"The Count Cignara in his memoirs on 'Nielli and Playing Cards,' alludes to a set of Venetian cards which Zani had met with at Naples dispersed in two collections, but of which a complete series (coloured), was preserved in he cabinet of the Marchioness Busca (born Duchess Serbelloni) at Milan, and some separate pieces in that of the Marquis Durazzo, at Genoa. Cigognara gives in his work, plates xii, and iii, copies of seven of these cards, offering a fair idea o the manner in which they were engraved. He states afterwards that certain pieces of the series were numbered, while others bear the marks of the suits, swords, money and cups. He adds further that on the piece of Bacchus, no. xiv., the following inscription may be read: "Col permesio del Senato Veneto nel' anno ab urbe condila MLXX'; which would assign the execution of these prints to the year 1491, if the date of the foundation of that city be taken in A.D. 421, and not 453, as usually done.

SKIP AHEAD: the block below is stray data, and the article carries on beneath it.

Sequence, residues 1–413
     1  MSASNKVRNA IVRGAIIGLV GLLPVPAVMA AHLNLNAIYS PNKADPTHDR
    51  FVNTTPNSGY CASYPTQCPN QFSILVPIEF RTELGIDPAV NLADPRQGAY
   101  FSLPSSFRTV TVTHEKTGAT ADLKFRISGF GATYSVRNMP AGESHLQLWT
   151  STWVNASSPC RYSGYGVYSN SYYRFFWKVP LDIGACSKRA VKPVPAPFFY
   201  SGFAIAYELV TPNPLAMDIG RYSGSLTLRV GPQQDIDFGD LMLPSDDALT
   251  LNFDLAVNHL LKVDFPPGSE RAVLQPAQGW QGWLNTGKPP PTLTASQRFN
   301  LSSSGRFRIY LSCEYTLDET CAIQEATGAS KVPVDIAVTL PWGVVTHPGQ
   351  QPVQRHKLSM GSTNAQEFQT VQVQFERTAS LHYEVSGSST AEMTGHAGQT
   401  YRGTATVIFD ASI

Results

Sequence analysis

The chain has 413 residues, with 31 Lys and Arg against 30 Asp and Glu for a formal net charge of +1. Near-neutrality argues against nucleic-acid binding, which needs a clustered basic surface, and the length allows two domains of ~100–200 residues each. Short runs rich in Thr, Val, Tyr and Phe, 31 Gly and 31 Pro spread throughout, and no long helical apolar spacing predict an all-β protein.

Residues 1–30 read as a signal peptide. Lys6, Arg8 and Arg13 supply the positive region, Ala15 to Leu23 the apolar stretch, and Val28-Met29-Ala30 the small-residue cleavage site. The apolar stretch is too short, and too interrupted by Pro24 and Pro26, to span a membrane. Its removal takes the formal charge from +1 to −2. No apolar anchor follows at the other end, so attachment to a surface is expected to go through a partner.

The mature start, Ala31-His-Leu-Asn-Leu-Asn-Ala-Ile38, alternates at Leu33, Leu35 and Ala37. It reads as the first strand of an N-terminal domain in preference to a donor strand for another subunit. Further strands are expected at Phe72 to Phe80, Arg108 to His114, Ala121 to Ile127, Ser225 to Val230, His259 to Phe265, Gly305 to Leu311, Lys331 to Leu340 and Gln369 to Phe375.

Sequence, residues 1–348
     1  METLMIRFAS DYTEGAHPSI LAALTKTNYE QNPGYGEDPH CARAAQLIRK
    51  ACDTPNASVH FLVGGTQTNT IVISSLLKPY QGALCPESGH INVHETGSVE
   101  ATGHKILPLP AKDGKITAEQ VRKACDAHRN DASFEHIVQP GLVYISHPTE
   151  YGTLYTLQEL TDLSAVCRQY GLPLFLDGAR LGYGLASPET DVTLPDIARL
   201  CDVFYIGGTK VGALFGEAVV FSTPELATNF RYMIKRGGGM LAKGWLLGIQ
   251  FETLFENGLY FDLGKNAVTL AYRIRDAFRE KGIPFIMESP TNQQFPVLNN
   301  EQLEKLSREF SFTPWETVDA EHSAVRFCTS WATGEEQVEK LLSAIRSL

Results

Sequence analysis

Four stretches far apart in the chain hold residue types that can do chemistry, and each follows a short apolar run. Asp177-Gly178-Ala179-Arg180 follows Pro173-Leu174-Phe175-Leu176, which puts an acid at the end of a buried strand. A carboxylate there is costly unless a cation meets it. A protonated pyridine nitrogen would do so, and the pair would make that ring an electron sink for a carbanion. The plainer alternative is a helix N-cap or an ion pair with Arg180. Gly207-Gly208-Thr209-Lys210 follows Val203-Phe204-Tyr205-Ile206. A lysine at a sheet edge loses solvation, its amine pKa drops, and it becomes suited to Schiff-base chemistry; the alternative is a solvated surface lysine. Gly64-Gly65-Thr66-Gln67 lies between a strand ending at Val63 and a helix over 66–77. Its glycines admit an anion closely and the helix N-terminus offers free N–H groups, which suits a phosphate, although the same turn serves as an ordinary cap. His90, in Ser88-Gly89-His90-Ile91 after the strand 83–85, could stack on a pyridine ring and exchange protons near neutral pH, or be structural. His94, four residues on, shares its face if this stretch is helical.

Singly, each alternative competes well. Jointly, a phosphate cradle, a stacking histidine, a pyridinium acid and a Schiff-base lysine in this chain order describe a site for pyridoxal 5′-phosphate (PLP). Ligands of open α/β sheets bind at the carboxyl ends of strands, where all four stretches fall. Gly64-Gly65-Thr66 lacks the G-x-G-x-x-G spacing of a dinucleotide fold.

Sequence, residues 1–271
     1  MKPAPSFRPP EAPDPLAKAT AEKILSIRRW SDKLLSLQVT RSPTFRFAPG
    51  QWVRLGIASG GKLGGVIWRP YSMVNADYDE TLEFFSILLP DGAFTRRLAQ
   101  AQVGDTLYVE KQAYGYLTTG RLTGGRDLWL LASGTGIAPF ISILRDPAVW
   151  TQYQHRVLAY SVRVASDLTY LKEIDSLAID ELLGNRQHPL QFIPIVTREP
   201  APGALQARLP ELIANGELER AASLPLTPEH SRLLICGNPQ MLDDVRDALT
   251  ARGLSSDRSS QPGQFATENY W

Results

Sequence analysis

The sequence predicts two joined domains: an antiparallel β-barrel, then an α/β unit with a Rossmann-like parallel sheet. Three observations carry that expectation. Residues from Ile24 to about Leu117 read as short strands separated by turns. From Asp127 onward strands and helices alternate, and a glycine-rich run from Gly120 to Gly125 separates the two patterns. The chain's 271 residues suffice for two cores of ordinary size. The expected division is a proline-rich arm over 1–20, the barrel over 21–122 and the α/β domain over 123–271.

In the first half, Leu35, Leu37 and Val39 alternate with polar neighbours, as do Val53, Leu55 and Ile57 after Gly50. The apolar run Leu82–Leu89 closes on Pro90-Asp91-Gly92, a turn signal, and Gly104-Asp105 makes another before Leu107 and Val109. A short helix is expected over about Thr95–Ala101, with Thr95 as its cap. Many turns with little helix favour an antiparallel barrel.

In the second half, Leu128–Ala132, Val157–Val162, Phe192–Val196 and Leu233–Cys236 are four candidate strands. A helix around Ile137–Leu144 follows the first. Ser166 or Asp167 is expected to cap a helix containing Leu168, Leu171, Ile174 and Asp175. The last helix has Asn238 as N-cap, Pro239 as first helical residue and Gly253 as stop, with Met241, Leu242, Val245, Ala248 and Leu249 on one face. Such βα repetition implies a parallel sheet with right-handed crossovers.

"The design and composition of these cards is remarkable in this, that the actions of the figures and the play of the muscles have a certain exaggeration which so recalls the style of Pordenone, that in adapting the date 453 as that of the foundation of Venice, one would be tempted to refer to their execution to 1523, if the details of the costumes--which laatter is the end of the fifteenth century--did not fulfill better the conditions of the other hypothesis.

"Further, the comparatively poor design and somewhat coarse technical execution by means of oblique hatchings, correspond better with the work of the first epoch of Mantegna.